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Lazada Asserts Domination Over Amazon Yet Again, And Unilever Is Its Latest Asset

In December 2016, we covered how Singapore was to become the stage for a Amazon-Lazada showdown.

Well, unfortunately Amazon might have found itself even further behind the starting line.

The Lazada-Unilever Partnership 

Lazada has officially teamed up with Unilever, and their marriage is undisputedly a soaring triumph for Lazada.

With the rapid expansion of Southeast Asia’s e-commerce sector, startups like ShopBack who have been playing the field are flourishing. And Bittner has shown that he certainly knows who he needs on his side.

Lazada’s Max Bittner and Unilever’s Pier Luigi Sigismondi / Image Credit: marketing-interactive

According to the announcement, Lazada will now host a Unilever store. Meanwhile, Unilever gains access to Lazada’s shoppers, and their databank of consumer behaviour.

The companies will also be partnering “in terms of supply chain, data fulfilment, marketing, social commerce and talent development” to create one of S.E.A largest warehousing networks.

According to Lazada CEO Max Bitter, “this partnership is a game changer for Lazada as it endorses our one-stop platform strategy to support the online development of top brands like Unilever”.

Image Credit: netralnews

Is This Lazada 3 : Amazon 0?

We discussed the epic showdown that would be Lazada vs. Amazon, but it’s clear that the latter is off to a terrible start.

Let’s review the evidence.

1. Lazada Acquires RedMart

Lazada was known for carrying everything from A to Z, all except perishables.

However, this was rectified when it acquired grocery startup RedMart. With the (back then) imminent arrival of Amazon Fresh, this was a strategic move. After all, the Singapore offline grocery market in 2016 was worth S$8 billion, the online, S$120 million. No doubt, these numbers have grown since.

Making this acquisition even more exciting was that Amazon had also made an offer for RedMart, but was rejected because theirs was rumoured to had been found wanting.

Image Credit: Giphy

2. The Lazada-Unilever Marriage

Unilever is a leading global retailer with a presence in over 100 countries.

Singapore serves as Unilever’s regional business headquarters for SouthEast Asia and Austral-asia, and is also one of Unilever’s six Customer Insight and Innovation Centers.

This makes Singapore’s Unilever a hub for R&D, which could potentially a boon for Lazada.

In addition, Unilever’s global leadership development centre – Four Acres Singapore – is a facility that “develops leaders with a ‘purpose-driven’ approach to business”. 

During its 2013 launch, Unilever CEO Paul Polman described Singapore as “the nexus of the developed and emerging world [and] a leading hub for leadership and innovation.” As a result, Four Acres Singapore was due to deliver over half of all Unilever’s global leadership development programmes.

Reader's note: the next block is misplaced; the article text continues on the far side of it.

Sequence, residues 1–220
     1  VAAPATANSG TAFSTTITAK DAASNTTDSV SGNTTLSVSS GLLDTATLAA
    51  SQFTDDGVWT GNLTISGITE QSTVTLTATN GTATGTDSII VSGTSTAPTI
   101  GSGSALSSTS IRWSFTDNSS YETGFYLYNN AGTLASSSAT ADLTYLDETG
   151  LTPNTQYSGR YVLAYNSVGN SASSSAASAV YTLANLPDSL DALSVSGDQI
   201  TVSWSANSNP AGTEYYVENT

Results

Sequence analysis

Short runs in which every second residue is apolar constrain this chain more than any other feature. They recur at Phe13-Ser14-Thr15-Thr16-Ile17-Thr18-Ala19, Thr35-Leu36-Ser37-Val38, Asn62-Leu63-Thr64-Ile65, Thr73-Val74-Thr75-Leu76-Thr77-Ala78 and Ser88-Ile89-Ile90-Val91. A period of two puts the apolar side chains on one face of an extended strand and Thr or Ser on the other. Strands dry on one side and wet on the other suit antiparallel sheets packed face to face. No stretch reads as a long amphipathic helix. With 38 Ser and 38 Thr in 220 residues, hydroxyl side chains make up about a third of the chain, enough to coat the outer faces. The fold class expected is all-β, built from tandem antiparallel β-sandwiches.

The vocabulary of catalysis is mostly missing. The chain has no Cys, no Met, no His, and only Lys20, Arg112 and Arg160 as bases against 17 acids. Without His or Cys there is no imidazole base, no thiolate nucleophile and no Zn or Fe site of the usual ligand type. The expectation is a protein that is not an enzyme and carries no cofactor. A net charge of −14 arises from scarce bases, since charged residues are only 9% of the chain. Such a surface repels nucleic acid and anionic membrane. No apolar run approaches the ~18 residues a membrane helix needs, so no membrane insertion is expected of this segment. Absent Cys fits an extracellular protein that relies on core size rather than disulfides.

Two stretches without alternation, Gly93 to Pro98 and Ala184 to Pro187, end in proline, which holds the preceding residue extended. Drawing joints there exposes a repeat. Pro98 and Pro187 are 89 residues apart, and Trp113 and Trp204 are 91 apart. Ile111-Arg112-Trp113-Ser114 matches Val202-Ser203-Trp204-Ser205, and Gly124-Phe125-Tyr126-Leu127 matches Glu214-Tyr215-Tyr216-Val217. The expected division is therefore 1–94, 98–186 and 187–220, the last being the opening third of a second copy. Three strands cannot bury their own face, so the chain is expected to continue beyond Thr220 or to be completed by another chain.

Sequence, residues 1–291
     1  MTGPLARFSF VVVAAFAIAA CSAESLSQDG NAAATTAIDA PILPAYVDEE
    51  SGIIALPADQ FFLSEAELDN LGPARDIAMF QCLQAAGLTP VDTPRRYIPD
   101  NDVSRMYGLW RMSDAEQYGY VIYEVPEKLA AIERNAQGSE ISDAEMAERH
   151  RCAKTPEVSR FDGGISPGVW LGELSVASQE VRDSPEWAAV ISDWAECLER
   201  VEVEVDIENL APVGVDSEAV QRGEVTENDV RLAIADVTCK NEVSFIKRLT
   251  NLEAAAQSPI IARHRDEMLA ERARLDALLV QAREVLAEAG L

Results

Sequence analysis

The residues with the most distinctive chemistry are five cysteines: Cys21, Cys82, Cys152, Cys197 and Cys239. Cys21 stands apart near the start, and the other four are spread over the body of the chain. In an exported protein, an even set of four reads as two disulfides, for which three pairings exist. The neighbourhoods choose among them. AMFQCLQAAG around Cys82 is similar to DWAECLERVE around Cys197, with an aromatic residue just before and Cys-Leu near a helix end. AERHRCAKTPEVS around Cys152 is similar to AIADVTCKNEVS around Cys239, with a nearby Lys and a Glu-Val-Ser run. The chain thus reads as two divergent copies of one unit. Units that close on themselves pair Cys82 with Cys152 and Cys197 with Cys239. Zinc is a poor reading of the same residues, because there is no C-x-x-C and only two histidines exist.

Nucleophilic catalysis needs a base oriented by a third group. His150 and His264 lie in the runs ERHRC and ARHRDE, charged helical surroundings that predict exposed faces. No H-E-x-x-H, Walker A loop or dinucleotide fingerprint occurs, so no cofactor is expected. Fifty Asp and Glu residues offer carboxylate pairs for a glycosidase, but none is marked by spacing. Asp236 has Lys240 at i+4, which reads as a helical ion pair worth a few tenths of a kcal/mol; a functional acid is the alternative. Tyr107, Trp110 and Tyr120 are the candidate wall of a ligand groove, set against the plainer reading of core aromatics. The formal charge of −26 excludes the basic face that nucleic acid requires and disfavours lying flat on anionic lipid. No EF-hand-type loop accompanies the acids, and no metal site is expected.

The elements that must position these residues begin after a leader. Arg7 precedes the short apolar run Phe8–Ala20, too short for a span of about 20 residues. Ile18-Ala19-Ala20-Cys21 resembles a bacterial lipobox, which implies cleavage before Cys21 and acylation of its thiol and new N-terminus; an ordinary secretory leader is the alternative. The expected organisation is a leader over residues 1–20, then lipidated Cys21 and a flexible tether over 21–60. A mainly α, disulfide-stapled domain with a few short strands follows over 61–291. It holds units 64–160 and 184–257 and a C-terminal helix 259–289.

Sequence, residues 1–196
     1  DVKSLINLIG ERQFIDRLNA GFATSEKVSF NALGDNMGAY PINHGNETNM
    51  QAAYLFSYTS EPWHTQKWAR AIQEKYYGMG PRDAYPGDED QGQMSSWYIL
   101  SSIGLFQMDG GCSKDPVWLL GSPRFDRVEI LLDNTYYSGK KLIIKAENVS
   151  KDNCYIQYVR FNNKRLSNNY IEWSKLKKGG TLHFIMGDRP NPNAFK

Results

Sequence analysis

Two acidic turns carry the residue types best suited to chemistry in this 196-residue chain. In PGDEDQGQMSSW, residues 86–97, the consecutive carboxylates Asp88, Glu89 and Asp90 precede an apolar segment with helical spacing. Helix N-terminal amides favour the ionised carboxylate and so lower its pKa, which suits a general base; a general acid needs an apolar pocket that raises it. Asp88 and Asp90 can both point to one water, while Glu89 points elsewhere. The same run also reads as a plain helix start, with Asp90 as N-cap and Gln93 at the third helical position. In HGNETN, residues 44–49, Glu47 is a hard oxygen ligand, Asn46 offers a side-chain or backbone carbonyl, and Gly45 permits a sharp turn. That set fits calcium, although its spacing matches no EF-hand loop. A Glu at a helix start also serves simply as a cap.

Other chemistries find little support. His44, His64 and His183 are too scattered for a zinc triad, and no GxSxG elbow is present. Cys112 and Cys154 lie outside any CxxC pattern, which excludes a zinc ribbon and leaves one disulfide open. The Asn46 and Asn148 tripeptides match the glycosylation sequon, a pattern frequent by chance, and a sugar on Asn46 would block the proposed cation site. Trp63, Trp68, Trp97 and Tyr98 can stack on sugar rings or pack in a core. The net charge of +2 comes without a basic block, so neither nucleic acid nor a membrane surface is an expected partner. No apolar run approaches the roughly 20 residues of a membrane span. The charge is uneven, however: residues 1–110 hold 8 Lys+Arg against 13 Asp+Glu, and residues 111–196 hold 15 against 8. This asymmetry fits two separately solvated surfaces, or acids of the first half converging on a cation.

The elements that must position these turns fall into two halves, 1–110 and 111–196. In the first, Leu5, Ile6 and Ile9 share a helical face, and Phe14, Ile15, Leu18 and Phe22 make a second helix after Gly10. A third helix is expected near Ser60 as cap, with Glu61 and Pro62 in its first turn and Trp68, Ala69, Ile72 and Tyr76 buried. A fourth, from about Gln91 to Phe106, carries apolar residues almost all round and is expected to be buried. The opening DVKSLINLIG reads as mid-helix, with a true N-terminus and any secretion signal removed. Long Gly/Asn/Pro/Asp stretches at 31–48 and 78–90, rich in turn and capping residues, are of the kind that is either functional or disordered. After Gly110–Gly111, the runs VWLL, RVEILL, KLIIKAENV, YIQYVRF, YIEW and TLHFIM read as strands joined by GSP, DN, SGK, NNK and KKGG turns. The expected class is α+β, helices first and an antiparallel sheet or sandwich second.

Now, Four Acres Singapore was not explicitly mentioned during the Lazada-Unilever partnership announcement. But if you recall, talent development was cited as an area where the companies would be “working closely together on”.

Potential goldmine for Lazada? We would like to think so.

3. Lazada’s Billion Dollar Backer

Even by itself, Jack Ma’s US$1 billion dollar backing is already an immense victory for Lazada. Why do we think so?

According to TechCrunch, Amazon has plans to expand into the entire SEA region, but Singapore was first for its market potential and prime location. Think regional hub. But with its delay, all this is but lip service.

Meanwhile, as Amazon finds itself stuck in the trenches, Lazada has begun its own SE Asian domination campaign. The German startup has begun Taobao delivery in Malaysia, indicating that it is experimenting with cross-border trade.

And it wasn’t too hard to start either. After all, they are piggybacking on Alibaba’s logistics arm – Cainiao Network – to streamline the transport of Chinese goods into Singapore.

But perhaps most importantly, the Lazada-Alibaba partnership empowers foreign brands with prime (pun intended) access to Chinese consumers with Tmall Global.

Since China has already eclipsed USA as the world’s largest e-commerce market, this makes Lazada an extremely attractive player, not just regionally but globally.

And yes, we concede that Amazon is also in China but their market size is negligible (0.9%) in the face of Tmall’s (58%).

Image Credit: Alizila

Has Bezos Lost The Battle?

Given Bezos’ clout, it’s definitely not game over for Amazon.

However, the crux will be on how Bezos plays his cards from now on. It’ll likely involve plenty of Amazon Singapore promotions, so that’s something to look out for.

One thing’s for sure though, Jack Ma is probably laughing his ass off wherever he is now.

Featured Image Credit: Metro TV News

 

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